In the real world, people trade for all kinds of confusing-to-economists reasons. One of the more mainstream moments for prediction markets in 2023 came when a team from South Korea published a paper claiming a material known as LK-99 exhibited room-temperature superconductivity. If you asked pretty much anyone with the relevant expertise, they would tell you that the team must have made a mistake and that the results were unlikely to replicate. Here is a screenshot of “Will the LK-99 room temp, ambient pressure superconductivity pre-print replicate before 2025?” on Manifold from the relevant time period:

P(LK-99 replicates)

It is worth noting that Manifold uses play money and so maybe it is not quite a fair example. Here is Kalshi’s analogous market3:

P(room temp superconductor) on Kalshi

And, just by the way, American Superconductor Corporation stock (NASDAQ: AMSC) was up 60% on August 1st.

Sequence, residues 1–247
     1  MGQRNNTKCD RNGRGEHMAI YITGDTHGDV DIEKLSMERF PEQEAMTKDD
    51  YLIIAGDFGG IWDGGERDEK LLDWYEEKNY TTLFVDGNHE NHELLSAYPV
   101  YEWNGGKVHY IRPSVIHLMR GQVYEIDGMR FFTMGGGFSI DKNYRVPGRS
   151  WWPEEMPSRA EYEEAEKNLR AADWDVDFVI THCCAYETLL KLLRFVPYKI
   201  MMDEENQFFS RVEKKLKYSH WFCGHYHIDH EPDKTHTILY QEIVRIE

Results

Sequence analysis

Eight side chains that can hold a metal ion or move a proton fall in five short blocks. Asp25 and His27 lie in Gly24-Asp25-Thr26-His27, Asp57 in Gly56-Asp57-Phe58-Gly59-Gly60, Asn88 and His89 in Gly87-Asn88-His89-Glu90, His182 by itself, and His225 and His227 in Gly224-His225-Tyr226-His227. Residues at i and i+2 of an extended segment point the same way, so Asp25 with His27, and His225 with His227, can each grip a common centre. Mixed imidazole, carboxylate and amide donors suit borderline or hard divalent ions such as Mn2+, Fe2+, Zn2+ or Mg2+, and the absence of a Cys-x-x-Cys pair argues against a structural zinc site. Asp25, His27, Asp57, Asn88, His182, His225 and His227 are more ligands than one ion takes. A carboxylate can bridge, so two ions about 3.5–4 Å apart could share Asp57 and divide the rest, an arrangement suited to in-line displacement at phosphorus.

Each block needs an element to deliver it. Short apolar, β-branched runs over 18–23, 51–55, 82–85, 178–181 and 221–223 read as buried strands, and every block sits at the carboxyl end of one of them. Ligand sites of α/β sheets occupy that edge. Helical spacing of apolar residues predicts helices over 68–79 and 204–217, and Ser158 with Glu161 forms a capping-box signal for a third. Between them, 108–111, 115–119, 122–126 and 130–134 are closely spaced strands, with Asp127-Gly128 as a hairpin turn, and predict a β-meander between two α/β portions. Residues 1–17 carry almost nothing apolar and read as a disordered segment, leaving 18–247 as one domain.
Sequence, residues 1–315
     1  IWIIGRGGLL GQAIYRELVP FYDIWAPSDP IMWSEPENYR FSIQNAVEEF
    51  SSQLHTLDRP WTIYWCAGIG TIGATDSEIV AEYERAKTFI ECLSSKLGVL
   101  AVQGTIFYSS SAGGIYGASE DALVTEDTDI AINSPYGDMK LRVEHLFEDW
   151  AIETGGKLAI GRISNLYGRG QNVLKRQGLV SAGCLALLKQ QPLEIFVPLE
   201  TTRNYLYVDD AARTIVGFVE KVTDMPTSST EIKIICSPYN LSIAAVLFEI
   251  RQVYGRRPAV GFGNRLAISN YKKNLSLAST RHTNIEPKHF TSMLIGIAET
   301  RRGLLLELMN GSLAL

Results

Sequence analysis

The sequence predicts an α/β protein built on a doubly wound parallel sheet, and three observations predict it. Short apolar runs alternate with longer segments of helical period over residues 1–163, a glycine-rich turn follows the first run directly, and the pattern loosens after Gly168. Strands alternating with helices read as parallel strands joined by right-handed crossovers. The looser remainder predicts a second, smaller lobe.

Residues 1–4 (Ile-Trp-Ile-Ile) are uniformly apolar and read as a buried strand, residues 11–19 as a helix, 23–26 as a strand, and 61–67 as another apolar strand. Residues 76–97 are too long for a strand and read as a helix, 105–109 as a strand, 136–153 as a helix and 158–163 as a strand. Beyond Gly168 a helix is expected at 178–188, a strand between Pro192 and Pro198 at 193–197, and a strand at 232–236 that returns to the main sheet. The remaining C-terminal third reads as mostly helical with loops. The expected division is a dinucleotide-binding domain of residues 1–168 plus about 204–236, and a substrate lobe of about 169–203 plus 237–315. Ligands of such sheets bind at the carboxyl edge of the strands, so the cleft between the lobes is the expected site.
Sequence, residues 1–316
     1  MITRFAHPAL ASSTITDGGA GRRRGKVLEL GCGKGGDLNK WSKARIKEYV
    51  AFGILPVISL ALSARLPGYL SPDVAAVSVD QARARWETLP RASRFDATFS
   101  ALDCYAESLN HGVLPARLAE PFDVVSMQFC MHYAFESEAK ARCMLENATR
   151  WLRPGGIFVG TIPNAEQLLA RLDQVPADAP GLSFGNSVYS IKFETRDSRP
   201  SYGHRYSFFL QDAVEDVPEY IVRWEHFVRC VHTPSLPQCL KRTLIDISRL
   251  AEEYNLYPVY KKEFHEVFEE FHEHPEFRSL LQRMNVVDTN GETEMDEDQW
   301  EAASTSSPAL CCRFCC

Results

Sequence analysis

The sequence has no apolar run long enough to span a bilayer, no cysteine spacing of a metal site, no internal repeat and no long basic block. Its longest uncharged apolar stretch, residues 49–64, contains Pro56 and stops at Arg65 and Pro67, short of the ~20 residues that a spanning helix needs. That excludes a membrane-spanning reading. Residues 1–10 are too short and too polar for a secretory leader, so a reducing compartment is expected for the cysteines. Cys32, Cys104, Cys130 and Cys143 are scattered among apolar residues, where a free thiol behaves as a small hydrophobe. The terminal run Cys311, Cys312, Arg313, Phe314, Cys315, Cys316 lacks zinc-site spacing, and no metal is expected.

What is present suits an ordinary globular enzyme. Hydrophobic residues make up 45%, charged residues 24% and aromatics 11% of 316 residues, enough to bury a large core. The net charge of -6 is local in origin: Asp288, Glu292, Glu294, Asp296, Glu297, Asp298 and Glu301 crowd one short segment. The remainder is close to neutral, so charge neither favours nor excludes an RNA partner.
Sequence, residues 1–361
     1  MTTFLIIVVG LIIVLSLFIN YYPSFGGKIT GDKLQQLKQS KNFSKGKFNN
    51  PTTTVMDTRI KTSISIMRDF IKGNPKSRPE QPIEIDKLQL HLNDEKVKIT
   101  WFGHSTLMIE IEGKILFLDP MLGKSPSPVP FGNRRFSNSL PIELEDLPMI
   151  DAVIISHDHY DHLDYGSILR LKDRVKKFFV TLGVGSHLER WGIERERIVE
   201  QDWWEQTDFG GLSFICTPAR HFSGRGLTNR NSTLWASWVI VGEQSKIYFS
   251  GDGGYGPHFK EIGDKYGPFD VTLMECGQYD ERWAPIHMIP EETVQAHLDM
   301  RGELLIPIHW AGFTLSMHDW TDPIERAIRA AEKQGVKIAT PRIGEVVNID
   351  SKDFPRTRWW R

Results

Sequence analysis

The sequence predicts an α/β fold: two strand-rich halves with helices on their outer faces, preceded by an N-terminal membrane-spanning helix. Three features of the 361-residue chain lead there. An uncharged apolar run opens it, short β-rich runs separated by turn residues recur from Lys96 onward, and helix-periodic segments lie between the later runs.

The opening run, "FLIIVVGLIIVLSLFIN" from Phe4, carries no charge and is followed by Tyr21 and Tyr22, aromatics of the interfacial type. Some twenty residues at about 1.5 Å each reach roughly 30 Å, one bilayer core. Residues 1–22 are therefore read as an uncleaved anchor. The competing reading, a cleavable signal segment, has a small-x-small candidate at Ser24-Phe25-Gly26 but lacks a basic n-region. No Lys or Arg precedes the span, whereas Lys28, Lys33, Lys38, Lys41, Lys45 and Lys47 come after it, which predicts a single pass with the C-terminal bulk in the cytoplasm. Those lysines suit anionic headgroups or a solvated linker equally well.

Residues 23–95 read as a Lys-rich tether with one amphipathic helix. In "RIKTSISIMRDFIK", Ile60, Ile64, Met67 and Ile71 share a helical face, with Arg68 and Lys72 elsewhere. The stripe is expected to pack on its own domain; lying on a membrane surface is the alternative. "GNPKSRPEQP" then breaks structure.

I do want to note that I think there tends to be strong hindsight bias at play in these discussions: since LK-99 seems to have turned out not to be a room-temperature superconductor, it’s easy to write off relatively high probabilities as completely unreasonable. Perhaps on the margin they were more reasonable than we are now led to believe.

But it seems like there is more than one kind of uninformed flow. Erik Hoel does a thorough analysis of what happened here in “LK-99 as a cautionary tale for prediction markets”, which I recommend reading. In particular, one can fairly reliably map price movements to viral LK-99 tweets. Erik was not the only one to come to conclusions like the following:

I’m aware, of course, that the near tautological power of markets can always be appealed to. If prediction markets were too speculative and too virality-based, then wouldn’t experts stand to make a killing in the prediction markets by betting against such things? Perhaps. For experts are drops in the bucket, and prediction markets can stay irrational much longer than a small number of experts can stay solvent.